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In this regular feature on Breakthroughs, we highlight some of the most interesting reads in global health research from the past week.

July 25, 2022 by Anna Kovacevich

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Following the remarkable success of the first COVID-19 vaccines, developed at unprecedented speeds, investment in next-generation shots has so far fallen short, according to some experts. Nasal vaccines, in particular, experts say could prove more effective at preventing COVID-19 infections than intramuscular shots, as they concentrate immune protection in the upper airway and induce mucosal immune responses where the virus typically enters the body. Several nasal vaccine candidates are in development in the United States—though primarily remain in preclinical or early-stage clinical trials—as well as globally, including phase 3 trials in India and China. The National Institute of Allergy and Infectious Diseases, for example, is funding early research on a protein-based nasal spray as well as an mRNA vaccine delivered into the nose using nanoparticles, though any successful nasal vaccine is likely years away from becoming available.

As monkeypox cases continue to rise globally, experts and leaders are looking at health technologies with potential to combat the virus—including repurposed smallpox vaccines that have begun to be deployed, predominantly in high-income countries. In addition to vaccines, scientists are evaluating existing drugs that could serve as treatments against monkeypox, for which there are no specific treatments licensed. A recent study in JAMA analyzed several preexisting drugs, including antivirals brincidofovir and tecovirimat, both of which have been tested among monkeypox patients in the past with varying success. The ongoing uncertainty surrounding treatments for the new outbreak highlights the lack of evidence-based therapeutics for monkeypox, according to the journal article, as well as the inequities in the global response as countermeasures have been stockpiled by high-income countries but remain limited in monkeypox-endemic countries.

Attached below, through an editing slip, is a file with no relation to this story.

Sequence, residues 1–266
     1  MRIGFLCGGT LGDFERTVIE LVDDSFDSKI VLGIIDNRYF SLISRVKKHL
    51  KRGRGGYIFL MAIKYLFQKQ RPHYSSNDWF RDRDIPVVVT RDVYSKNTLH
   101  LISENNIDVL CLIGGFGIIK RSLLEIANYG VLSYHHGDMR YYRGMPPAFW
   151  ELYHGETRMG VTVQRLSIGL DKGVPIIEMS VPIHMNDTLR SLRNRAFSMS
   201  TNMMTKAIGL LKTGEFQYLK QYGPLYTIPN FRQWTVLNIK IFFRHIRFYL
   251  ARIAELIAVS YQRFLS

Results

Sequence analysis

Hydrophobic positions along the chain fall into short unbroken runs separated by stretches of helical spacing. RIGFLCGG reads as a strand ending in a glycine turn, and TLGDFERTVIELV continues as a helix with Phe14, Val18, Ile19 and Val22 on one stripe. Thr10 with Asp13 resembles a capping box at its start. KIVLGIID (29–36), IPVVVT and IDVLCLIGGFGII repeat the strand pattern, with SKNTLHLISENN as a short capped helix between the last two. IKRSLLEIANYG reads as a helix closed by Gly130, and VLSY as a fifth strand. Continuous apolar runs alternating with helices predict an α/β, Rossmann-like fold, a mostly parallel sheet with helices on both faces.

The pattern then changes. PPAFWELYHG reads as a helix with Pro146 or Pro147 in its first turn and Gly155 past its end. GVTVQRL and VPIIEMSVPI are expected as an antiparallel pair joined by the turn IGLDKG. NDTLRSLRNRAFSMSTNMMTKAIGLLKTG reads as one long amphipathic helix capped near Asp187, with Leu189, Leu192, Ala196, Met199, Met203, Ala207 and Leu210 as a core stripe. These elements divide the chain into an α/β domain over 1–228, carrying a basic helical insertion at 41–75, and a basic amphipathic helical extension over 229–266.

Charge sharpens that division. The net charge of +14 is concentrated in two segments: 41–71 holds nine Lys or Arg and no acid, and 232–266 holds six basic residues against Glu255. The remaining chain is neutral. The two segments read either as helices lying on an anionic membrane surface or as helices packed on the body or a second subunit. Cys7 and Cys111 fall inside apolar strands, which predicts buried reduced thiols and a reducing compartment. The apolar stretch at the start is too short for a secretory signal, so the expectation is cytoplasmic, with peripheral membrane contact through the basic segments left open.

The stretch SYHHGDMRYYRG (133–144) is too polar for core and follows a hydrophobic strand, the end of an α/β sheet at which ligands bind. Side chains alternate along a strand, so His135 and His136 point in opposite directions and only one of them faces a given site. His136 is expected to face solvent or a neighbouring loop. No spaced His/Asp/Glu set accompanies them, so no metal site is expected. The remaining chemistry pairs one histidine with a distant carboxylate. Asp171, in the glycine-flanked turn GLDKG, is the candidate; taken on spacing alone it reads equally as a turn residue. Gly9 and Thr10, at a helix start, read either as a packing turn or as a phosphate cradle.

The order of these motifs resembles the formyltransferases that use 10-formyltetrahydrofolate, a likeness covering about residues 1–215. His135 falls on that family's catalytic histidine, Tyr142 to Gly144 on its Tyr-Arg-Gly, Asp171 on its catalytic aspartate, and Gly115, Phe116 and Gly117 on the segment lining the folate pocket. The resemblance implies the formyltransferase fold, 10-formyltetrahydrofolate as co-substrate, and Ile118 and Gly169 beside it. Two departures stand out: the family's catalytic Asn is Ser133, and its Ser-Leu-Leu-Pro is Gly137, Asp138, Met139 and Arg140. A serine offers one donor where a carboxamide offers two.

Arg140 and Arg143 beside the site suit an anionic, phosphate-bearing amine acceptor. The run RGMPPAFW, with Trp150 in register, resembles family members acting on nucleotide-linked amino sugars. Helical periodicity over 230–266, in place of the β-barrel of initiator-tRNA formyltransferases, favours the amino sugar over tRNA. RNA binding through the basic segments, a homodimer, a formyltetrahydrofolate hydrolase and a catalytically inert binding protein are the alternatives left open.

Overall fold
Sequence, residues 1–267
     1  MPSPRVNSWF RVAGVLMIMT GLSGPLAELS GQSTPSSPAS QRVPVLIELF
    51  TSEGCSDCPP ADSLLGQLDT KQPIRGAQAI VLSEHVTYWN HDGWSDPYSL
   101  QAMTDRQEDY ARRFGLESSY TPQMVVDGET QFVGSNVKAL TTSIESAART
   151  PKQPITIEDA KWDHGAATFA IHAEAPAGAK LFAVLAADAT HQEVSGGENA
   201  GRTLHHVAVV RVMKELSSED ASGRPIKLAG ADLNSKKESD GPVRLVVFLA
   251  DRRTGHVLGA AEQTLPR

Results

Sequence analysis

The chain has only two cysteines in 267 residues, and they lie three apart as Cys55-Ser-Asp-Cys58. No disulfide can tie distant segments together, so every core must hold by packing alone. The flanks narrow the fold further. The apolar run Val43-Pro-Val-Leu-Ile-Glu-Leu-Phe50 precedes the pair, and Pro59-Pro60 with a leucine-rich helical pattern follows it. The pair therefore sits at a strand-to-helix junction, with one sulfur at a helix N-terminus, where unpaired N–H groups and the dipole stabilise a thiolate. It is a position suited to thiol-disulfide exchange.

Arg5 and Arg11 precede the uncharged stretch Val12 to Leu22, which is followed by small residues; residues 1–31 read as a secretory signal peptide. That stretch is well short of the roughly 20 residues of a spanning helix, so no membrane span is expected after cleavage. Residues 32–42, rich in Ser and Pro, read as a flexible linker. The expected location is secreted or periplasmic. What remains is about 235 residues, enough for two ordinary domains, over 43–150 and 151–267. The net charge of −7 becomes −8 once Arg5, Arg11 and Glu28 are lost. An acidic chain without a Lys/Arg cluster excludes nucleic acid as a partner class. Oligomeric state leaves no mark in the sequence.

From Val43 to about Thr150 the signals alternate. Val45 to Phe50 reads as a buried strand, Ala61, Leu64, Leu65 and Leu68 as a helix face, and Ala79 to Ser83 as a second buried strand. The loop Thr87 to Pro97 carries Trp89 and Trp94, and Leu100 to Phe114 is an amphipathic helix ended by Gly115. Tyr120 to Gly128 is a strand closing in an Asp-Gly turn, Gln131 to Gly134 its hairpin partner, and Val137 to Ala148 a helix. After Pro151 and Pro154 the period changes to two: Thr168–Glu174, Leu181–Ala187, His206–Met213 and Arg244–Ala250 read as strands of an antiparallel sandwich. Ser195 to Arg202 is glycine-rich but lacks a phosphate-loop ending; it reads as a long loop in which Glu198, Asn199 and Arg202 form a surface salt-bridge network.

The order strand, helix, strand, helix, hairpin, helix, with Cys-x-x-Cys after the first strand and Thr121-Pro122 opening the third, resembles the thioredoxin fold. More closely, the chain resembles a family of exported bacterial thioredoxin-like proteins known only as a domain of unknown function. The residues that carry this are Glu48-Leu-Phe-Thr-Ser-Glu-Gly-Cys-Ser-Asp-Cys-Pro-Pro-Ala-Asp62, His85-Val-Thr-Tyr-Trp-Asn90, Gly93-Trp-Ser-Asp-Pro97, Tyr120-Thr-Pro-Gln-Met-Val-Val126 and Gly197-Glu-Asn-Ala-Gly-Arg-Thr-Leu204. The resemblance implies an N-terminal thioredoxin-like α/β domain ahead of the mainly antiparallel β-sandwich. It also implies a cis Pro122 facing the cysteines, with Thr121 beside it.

In a new study, researchers describe how a Lassa virus protein drives infection by harnessing a cellular protein in human hosts, as well as identify how future therapies could target this interaction to treat patients. The research suggests that disrupting the link between Lassa polymerase—a protein encoded by the virus—and a specific host protein it interacts with—GSPT1—could stop Lassa virus infection. In pursuit of this, the research team identified an existing drug candidate, CC-90009, that has been shown to destroy GSPT1 proteins and is currently being examined in clinical trials as a cancer therapy. In early experiments, CC-90009 significantly reduced Lassa virus growth without obvious cell toxicity, and researchers plan to continue evaluation in animal models. There is currently no antiviral drug that specifically targets Lassa virus.

About the author

Anna KovacevichGHTC

Anna Kovacevich is a senior program assistant at GHTC who supports GHTC's communications and member engagement activities.